Bart Millard of MercyMe speaks with NRT contributor Kevin Davis about their latest #1 hit single, "All Of Creation."
MercyMe’s latest album, The Generous Mr. Lovewell, has quickly become my favorite overall album by the group. It revolves around a fictional character the band created who reminds us that we simply need to love others well. For some of us, it means that we need to put hands and feet on our ideology and rhetoric. For others, it means that we need to continue in doing well, but to not stop there. We need to let people know why we are called to make a difference. The band’s prayer is that this album would mobilize the body of Christ to encourage people in word and deed.
The message of committing to extravagant selflessness and faithful optimism threads its way through every song, and while “It’s one thing to be kind to someone, to be decent,” Bart Millard concludes, “if we really believe we have this hope, then to stop short-—to not be the hands and feet of Jesus—-seems almost offensive. Our dream is for this album to inspire others to ‘pay it forward’ to the cross. It doesn’t have to be about major sacrifices. Just let your life become such that people know what you stand for.”
The album recently debuted at #3 on the Billboard 200 chart and has already garnered a #1 song with “All of Creation.” I recently had the opportunity to interview lead singer Bart Millard about the song.
Please tell me the story behind writing the song “All of Creation.”
The entire album deals with three main aspects of love. The theme of the record is to “love well” as Jesus commands us in the greatest commandment. There are songs about inward love such as in our song “Beautiful.” There are songs based on “we love because He first loved us,” which is the basis of this first single, “All of Creation.”
I set out to write a song that was confessional and refers to the birth, death and resurrection of Jesus in each verse. It was my intent to mention every stage of Christ’s condescension and atoning sacrifice throughout the song.
Please share any Bible verses that tie in with the song.
There are 11 different Bible verses that tie in to the song, including in the bridge: Philippians 2:9-11: "Therefore God exalted him to the highest place and gave him the name that is above every name, that at the name of Jesus every knee should bow, in heaven and on earth and under the earth, and every tongue confess that Jesus Christ is Lord, to the glory of God the Father.
How can listeners apply that message in their walks as Christians when they listen to the song?
It's almost like a 'pay-it-forward' idea that revolves around the Cross. We are called to be servants to our neighbors, but if we don't share the gospel with them, it's almost offensive and we have only accomplished a part of what God has called us to do. We need to stop letting the world teach us theology about how to act or speak. We need to encourage one another to provide a helping hand to our neighbor, offer up random acts of kindness and share with others how our lives have been transformed by the power of the Cross. It doesn't take much action--or even many words--to make a difference both here and forever.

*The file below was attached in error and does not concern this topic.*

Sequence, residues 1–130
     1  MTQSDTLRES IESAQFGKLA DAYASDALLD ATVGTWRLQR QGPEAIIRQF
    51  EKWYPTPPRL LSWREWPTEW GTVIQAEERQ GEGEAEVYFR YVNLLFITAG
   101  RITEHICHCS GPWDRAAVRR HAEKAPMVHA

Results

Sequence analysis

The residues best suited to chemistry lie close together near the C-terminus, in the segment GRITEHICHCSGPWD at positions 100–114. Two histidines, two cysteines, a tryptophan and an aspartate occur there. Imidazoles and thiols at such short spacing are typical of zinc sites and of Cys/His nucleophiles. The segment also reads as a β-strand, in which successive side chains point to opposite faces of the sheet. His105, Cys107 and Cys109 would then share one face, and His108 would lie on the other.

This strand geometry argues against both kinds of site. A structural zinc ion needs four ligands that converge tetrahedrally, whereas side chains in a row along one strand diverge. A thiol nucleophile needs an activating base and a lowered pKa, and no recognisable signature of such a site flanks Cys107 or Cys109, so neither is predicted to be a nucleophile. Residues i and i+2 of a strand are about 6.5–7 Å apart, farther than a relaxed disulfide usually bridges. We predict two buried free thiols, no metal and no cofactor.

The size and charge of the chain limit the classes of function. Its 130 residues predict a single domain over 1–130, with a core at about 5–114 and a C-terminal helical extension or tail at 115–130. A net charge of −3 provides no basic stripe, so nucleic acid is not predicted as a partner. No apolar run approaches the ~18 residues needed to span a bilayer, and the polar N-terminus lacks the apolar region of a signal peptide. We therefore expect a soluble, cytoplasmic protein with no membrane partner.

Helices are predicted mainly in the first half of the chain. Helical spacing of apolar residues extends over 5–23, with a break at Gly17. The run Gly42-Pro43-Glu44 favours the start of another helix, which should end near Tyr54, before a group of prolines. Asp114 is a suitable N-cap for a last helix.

Separated until the veil was torn
The moment that hope was born
and guilt was pardoned once and for all
Captivated but no longer bound by chains
left at an empty grave
the sinner and the sacred resolved
and all of creation sing with me now
lift up your voice and lay your burden down
and all of creation sing with me now
fill up the heavens let His glory resound
Time has faded and we see Him face to face
every doubt erased forever we will worship the king
ohh ah ohhh...ohh ah ohhh
the reason we breathe is to sing of His glory
and for all He has done praise the Father praise the Son and the Spirit in One
[repeat chorus 2x]
and every knee will bow oh and every tongue praise the Father praise the Son and the Spirit in One
The idea behind the fictitious namesake of the band’s sixth studio album, The Generous Mr. Lovewell, is that he sees the good in everyone and knows his neighbors enough to know their needs. He is changing the world each day in every little word and deed. MercyMe has set up a website, http://mrlovewell.com. And who is Mr. Lovewell? He's an idea. He's a movement. He's the hope that the little things can add up to a big change. He's what the Bible has already called us to do: love one another. Look for the best in people. Give people a chance regardless of status, race or gender. Mr. Lovewell is the understanding that the Gospel is for everyone. Some may receive it, some may reject it, but, from where we're standing, all that should matter is that the Gospel applies to us all. Who are we to demand the outcome before we decide to contribute? Do we wait and tip the waitress only if she's done a great job? Or do we tip her even when she's having a bad day? That's what God's grace is...unconditional. Grace leaves no room for "I've earned this" or "I deserve this." What a concept! To love and be loved no matter what!
And that, my friend, is Mr. Lovewell. Who knows? Maybe he'll rub off on a few people. Are you a Lovewell?
In this is love, not that we have loved God but that he loved us and sent his Son to be the propitiation for our sins. Beloved, if God so loved us, we also ought to love one another. --1 John 4:10-11
Kevin Davis is a long time fan of Christian music, an avid music collector and credits the message of Christian music for leading him to Christ. Kevin also writes reviews for ChristianMusicReview.org. He currently lives in Pennsylvania with his wife and three daughters.
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